The war photography has always been an important part of the media. It gives the evidence of conflicts that happened in the past. The real photographer shows all the horrors of the war, no matter how difficult it is.
However, the job of photographer has always been extremely difficult. The government’s pressure on media companies has always been intense and there is evidence that it still is. The politicians do not want people to find out the truth about war conflicts. They do not want people to panic or be disorganized. Despite certain pressure on the media, war photographers should provide authentic images of the war conflict and its aftermath. People have a right to know the truth about what the real war does to people.
Current paper will discuss photographer’s misrepresentation during different periods of war conflicts. It will also review the issue of propaganda and how to avoid it. The paper will discuss the impact of photography on people’s opinions. The paper focuses on the article of Susan Sontag “Looking at War: Photography’s view of devastation and death”, published in The New Yorker in 2002.
The British photographer, Roger Fenton introduced war photography while capturing the events of the Crimean War in 1855. Since that time, there have always been questions about the truthful representation of those photos. In comparison with the contemporary cameras, it was impossible to take action shots because cameras were technically insufficient back then. Photographers could take either images of dead people on the battlefields or images of those people who posed in front of the camera.
Many photographers who were taking images of armed conflicts died. This profession was extremely dangerous back in those days. Sometimes they tried to get to the frontlines in order to make extraordinary images. It rarely resulted in success. Later, in order not to subject themselves to danger, photographers started staging their shots. This paper will consider the examples of photos, framed up by war photographers during different war conflicts.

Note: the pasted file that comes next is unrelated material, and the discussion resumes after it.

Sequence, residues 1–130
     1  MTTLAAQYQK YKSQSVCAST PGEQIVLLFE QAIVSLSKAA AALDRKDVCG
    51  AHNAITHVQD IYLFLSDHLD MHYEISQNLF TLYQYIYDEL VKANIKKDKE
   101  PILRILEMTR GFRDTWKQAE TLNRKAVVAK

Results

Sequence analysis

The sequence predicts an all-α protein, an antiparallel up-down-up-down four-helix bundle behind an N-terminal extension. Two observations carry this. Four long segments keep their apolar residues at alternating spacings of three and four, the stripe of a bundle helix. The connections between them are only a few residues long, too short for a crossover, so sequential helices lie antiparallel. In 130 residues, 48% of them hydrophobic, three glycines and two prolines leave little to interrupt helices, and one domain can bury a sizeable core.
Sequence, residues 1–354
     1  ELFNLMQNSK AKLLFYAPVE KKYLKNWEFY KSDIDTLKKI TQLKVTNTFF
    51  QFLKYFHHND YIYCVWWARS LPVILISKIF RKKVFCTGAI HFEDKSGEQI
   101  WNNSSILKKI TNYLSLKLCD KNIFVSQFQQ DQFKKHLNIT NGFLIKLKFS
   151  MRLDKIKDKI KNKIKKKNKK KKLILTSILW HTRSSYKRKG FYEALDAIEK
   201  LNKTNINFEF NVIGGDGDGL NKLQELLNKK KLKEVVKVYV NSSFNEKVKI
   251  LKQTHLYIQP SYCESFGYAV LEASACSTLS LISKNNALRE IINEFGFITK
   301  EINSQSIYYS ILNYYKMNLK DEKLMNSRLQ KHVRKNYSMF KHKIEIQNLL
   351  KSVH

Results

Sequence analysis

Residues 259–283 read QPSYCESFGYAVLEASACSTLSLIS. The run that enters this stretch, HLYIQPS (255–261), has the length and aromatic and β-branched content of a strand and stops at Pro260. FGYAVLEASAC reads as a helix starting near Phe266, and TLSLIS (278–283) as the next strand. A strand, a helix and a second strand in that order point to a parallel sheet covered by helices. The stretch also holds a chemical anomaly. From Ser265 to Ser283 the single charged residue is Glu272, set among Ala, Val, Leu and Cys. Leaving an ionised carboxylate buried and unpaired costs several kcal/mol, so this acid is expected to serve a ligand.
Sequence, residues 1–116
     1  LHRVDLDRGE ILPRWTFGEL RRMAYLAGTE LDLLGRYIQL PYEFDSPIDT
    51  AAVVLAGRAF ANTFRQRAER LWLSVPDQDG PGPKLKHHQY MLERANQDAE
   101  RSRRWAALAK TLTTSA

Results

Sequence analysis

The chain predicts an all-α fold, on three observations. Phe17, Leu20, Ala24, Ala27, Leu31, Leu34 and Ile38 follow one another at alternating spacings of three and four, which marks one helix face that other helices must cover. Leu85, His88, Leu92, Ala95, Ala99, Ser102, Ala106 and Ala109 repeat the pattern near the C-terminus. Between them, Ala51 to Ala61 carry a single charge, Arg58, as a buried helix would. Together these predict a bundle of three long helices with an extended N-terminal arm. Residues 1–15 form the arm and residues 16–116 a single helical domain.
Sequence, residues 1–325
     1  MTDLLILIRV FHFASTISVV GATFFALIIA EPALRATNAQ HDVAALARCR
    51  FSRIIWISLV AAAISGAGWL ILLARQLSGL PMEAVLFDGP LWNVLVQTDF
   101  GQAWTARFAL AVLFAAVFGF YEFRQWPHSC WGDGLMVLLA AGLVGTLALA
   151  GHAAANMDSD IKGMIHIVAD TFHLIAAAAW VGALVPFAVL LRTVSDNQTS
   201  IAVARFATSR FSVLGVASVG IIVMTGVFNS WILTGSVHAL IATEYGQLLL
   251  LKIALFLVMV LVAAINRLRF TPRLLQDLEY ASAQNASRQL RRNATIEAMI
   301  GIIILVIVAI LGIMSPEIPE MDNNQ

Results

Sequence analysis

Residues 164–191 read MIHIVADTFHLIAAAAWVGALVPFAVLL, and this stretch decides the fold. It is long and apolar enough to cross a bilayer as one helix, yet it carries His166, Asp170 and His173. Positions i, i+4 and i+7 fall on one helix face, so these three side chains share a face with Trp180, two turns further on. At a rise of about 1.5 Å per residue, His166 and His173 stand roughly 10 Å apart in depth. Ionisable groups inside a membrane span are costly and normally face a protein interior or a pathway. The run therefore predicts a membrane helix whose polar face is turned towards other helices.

Today’s international conventions and laws protect the profession of war correspondent or photographer. However, they do not always help. This job has become more dangerous with the expansion of terrorism around the world. Today, there are many examples when enemies kill photographers in the first turn. They know that they take images that can be a proof of their illegal actions. War photography has a tight connection with the freedom of press and governmental and political control. The censorship does not allow presenting the events openly. This pressure has changed many times during different historical periods.
For instance, during the World War I only a limited number of photographers had access to battlefields. During the World War II, there were first published photos of casualties. The USA always wanted to make people think that there are no casualties in the wars in which they take part. However, the Vietnam War proved they were wrong. It was the first war during which photographers presented real facts and only authentic photographs. The photos of armed conflicts became the most shocking images ever. Nevertheless, this was the only way of how people could be provided with information so as to understand what the real war could do.
There has always been a dispute between the media on the one side and the war on the other. Media suppose to mean freedom of speech, enlightening all events truthfully while military forces provide state’s security during the war. During the peacetime, journalists are not interested in what military does. When the war conflict breaks out, the reporters suddenly rush to the frontline in order to get something interesting and offer it to the public.
Media covers the war conflict in a way that public would support the war efforts. The media manipulates to inform or persuade image interpretation. During the war, civilians need more information; they need to be sure that the government’s actions are successful. The media transmits this desired information to the civilian population. This desire to find out more truth becomes a potential threat to misinformation and propaganda.